Megan: It’s a good one. This whole idea of being willing to state your view but with humility is never more important than when you’re in a business context as a leader. This is critical. We have to remember that as leaders and business owners there’s a power differential between us and our team, our staff. Our words weigh a thousand pounds, figuratively speaking.
We have to give other people permission to speak. As leaders, we have to make it safe for other people to disagree with us, and we have to fight fair. It’s not fair to not acknowledge the power differential that exists. You may just be sharing your opinion offhandedly, but somebody else may not feel like they have the freedom to disagree with you because you’re the boss.
Michael: Yeah, you shared we me the other week a situation where I did this with an employee present, with one of our teammates. You just said, “Dad, I think you were unaware of the power differential there. You were just kind of talking.”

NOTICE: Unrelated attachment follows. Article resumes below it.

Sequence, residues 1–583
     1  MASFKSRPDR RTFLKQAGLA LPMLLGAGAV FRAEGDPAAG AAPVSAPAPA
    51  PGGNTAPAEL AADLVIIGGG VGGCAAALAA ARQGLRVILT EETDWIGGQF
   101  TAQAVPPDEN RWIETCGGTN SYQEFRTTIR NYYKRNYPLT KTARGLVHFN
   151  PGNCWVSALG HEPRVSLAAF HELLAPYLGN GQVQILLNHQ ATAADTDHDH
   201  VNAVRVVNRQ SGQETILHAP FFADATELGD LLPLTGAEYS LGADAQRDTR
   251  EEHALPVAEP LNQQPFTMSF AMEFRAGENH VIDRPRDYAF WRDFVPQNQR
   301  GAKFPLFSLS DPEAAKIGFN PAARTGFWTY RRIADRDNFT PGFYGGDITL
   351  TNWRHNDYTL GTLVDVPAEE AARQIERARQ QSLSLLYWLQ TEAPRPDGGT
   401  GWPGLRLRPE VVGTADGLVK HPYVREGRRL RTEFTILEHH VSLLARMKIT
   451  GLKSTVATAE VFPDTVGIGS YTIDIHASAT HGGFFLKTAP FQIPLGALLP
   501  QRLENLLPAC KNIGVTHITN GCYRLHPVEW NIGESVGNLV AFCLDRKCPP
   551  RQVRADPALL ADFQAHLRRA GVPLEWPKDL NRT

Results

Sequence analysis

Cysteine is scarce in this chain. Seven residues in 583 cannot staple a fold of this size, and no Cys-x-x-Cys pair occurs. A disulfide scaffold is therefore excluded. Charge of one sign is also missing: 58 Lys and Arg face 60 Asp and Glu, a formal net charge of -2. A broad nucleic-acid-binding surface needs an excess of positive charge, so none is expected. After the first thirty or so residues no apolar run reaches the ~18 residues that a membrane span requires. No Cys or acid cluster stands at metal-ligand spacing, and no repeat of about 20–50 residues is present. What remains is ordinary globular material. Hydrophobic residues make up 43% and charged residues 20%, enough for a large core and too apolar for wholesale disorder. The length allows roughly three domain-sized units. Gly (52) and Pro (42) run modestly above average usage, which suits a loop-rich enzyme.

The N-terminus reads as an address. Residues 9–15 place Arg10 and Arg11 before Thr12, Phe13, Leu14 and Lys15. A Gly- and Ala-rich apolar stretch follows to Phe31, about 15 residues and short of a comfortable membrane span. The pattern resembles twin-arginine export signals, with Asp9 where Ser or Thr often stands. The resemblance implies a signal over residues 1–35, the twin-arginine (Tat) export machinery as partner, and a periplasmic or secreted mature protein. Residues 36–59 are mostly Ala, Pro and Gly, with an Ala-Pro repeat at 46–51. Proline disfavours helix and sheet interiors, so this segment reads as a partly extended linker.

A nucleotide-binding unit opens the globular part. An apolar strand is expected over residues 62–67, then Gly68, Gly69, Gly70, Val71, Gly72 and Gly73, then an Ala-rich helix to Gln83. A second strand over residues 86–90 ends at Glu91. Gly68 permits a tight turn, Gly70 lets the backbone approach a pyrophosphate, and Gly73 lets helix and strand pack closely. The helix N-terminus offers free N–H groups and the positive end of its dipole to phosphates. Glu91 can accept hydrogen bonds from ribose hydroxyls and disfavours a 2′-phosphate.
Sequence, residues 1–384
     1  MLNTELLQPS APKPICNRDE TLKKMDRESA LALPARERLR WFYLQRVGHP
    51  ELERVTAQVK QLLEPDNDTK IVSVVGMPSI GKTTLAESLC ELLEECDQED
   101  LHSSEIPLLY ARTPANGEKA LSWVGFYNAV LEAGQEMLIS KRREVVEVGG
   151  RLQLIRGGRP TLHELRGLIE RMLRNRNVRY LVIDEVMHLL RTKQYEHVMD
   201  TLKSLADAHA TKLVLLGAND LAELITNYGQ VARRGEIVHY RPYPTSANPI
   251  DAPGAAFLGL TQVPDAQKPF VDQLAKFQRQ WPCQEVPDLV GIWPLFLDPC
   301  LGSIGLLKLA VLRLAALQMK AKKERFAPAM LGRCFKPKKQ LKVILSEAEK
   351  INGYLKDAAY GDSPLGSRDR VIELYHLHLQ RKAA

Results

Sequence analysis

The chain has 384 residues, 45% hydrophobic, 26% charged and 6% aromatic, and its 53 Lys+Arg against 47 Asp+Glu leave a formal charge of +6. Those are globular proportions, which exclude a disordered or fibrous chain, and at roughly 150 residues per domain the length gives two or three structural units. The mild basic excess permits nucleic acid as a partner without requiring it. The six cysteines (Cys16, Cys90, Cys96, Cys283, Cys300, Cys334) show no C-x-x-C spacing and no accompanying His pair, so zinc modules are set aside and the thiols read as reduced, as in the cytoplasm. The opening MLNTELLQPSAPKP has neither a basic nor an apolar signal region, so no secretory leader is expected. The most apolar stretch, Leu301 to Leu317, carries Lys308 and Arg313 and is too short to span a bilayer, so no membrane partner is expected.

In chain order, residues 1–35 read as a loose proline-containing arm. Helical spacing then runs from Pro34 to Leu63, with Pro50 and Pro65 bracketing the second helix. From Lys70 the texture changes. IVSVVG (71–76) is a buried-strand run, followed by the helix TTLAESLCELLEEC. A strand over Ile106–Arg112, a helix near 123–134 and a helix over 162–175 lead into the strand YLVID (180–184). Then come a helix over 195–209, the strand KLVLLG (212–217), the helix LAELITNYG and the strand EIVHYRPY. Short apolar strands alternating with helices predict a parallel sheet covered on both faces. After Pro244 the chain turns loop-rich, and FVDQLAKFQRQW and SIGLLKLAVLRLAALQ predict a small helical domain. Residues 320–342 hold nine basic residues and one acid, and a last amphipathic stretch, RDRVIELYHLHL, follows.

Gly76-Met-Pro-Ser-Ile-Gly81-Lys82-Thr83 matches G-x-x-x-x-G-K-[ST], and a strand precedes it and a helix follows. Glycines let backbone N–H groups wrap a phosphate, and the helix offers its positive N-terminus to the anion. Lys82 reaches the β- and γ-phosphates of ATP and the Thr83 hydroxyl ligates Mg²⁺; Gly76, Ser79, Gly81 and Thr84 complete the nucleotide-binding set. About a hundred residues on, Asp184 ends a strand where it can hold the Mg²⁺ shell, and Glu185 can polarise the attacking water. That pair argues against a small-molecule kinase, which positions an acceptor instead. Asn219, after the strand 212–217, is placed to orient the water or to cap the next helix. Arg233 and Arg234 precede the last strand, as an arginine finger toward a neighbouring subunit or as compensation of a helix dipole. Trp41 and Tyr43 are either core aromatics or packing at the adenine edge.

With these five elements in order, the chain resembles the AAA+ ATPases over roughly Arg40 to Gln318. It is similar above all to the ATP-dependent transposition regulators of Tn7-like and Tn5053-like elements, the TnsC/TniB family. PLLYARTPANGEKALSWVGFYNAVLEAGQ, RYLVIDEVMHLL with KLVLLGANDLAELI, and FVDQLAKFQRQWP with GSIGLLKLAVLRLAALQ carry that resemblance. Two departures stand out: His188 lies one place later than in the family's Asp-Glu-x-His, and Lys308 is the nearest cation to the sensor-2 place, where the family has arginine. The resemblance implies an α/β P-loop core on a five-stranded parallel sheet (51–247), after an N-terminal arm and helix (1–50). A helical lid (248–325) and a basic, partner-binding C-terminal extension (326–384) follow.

Megan: Right. You were just talking.
Michael: “But you were kind of mindless about it and shared an opinion that made her uncomfortable, and you can’t do that.”
Megan: She didn’t feel like she could come back at what you said, probably. I’m assuming. I didn’t talk to her about it, but I’m assuming she wouldn’t have felt comfortable. In your mind you were just offhandedly saying something. I think that’s something that’s so easy to forget, because, as leaders, we don’t have the perception of ourselves as that thousand-pound idea, but the people who report to us sure do, and we need to never lose sight of that.
Michael: Where this really gets practical is when we give other people the permission to disagree with our opinion and it’s okay. It doesn’t make them less than. It doesn’t make us better than, but it just makes it different, and that’s kind of what makes the world go around. I heard years ago somebody say, “If both of us agree, then one of us is unnecessary.” There’s real value from getting opposing opinions.
I can think of my 40-year marriage to your mother. We often disagree. We are like the total opposite on every personality test. She loves to challenge just for the sake of challenging, and I’m better for it. I’m glad we don’t always agree. I’m glad I have her perspective, because it’s so different than my perspective. The same is true in your company. The same is true in your nation. I think the fabric of our nation as a country… If we had everybody who believed by me, God help us.